A big, yellow bird is running away with the 2012 presidential campaign.
Big Bird, the affable, sympathetic protagonist of PBS' long-running elementary education program Sesame Street, has found himself mired in the crossfire between Mitt Romney and Barack Obama after Romney has repeatedly stated that, if elected, he will cut government funding to the PBS network.
In doing so, he's brought Big Bird right between the crosshairs, continuously referencing his affection for the winged wonder.
Big Bird has become the foremost martyr of the 2012 presidential election, something no one could have foreseen this summer when the two political parties were bickering over a whole other bird: Chick-fil-A's chicken.
Obama's camp, firmly of the thinking that PBS is important and should stick around as long as the government can keep it afloat, has jumped on the polarizing opinion, growing increasingly comfortable with lambasting Mitt Romney for his willingness to reference Big Bird during debate and discourse.
Tuesday, Obama's campaign posted an advertisement to its YouTube channel that attacked the opinion. Titled "Big Bird—Obama for America TV Ad," the 30-second spot references Bernie Madoff, Kenneth Lay, and Dennis Kozlowski before positioning Big Bird as the "evil genius" and chief architect of greed over all.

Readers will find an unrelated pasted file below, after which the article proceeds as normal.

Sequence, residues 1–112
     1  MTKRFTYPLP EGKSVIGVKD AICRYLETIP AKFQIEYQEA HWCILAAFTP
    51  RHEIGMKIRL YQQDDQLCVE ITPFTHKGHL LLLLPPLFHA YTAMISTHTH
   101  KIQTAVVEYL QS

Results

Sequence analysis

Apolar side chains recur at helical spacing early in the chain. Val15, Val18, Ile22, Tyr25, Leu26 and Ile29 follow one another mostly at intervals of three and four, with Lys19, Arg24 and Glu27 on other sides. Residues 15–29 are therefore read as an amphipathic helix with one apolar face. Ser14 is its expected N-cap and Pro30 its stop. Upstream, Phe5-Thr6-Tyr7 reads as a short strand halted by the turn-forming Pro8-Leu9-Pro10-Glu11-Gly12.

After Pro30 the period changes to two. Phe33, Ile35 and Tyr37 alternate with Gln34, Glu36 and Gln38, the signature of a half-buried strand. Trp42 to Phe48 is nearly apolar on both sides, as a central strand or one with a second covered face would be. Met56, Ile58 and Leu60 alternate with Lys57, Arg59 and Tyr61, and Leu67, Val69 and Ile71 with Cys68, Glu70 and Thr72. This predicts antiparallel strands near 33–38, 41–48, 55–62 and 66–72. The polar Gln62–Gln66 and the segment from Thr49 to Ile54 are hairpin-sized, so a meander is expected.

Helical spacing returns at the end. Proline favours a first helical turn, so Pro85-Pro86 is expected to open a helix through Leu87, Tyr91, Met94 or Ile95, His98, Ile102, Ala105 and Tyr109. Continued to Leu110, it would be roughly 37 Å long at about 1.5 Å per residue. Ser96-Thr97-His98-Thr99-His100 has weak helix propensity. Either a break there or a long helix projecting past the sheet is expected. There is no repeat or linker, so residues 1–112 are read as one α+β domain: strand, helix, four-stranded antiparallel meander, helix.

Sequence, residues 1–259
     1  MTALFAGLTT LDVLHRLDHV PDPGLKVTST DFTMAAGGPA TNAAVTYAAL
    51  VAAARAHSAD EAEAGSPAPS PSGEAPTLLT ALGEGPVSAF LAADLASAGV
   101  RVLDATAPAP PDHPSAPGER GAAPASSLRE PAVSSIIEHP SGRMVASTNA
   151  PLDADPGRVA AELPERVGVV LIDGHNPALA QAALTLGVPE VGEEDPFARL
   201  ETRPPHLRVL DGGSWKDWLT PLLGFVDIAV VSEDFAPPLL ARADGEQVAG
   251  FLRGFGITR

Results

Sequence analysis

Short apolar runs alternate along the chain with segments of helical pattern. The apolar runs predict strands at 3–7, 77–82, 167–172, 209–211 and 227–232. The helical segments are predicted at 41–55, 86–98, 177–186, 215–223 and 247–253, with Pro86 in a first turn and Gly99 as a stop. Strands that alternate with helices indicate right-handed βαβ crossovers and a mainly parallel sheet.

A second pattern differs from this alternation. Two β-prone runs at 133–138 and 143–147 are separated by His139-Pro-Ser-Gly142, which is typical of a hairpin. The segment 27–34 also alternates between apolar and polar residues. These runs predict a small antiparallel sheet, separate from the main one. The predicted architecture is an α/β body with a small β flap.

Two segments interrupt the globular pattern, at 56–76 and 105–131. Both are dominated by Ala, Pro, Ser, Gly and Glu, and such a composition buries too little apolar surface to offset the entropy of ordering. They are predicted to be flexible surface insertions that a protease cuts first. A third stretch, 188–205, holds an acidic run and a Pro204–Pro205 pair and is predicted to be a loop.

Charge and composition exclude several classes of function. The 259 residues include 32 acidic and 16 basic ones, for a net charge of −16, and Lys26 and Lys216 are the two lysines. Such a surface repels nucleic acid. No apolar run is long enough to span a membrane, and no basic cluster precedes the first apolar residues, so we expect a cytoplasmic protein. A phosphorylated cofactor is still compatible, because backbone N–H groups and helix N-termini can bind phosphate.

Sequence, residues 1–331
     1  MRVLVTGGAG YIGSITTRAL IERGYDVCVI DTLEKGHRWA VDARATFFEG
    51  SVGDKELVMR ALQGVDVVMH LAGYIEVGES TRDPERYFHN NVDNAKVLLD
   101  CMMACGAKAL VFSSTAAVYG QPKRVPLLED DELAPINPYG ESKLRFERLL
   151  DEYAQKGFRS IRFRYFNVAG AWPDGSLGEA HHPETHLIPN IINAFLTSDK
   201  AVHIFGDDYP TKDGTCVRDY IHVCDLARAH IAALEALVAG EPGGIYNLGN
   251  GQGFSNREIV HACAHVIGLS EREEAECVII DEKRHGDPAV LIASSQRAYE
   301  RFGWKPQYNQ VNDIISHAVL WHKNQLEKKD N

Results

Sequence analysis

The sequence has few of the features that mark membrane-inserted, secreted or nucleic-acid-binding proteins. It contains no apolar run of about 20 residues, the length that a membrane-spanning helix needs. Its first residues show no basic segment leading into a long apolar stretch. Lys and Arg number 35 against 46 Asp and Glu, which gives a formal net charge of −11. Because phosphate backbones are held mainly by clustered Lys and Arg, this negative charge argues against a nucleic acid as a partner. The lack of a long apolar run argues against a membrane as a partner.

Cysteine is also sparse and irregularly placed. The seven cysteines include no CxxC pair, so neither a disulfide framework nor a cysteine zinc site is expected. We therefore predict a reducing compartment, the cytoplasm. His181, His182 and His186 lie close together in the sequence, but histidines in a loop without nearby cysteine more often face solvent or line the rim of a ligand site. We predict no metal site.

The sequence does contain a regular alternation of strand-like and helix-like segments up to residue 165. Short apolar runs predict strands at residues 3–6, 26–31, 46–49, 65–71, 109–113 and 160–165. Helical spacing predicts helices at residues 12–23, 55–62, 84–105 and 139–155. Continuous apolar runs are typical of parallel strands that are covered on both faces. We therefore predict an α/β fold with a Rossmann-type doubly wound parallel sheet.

"Big, yellow, a menace to our economy," the advertisement declares sarcastically. "Mitt Romney knows it's not Wall Street you have to worry about. It's Sesame Street."
Since posting Tuesday morning, the video has been seen more than 1.5 million times, proving just as polarizing as Romney's opinion itself.
No entity has been more opposed to the video than Sesame Street, however. The program posted a response to its website late Tuesday afternoon saying that the organization has asked Obama's camp to take the video down.
"Sesame Workshop is a nonpartisan, nonprofit organization and we do not endorse candidates or participate in political campaigns," the response reads. It continues:
"We have approved no campaign ads, and, as is our general practice, have requested that both campaigns remove Sesame Street characters and trademarks from their campaign materials."
It's a rational request, and hopefully one that both Obama and Romney's camps will heed. (After all, there are unemployment crises and poverty stricken cities all over the country. There's really no need for a bird to play a pivotal role in a presidential election.)
For now, the video remains up—and Big Bird remains caught between a political rock and common sense hard place where nobody on this planet could have ever possibly predicted he'd find himself.
Photo via Big Bird/Facebook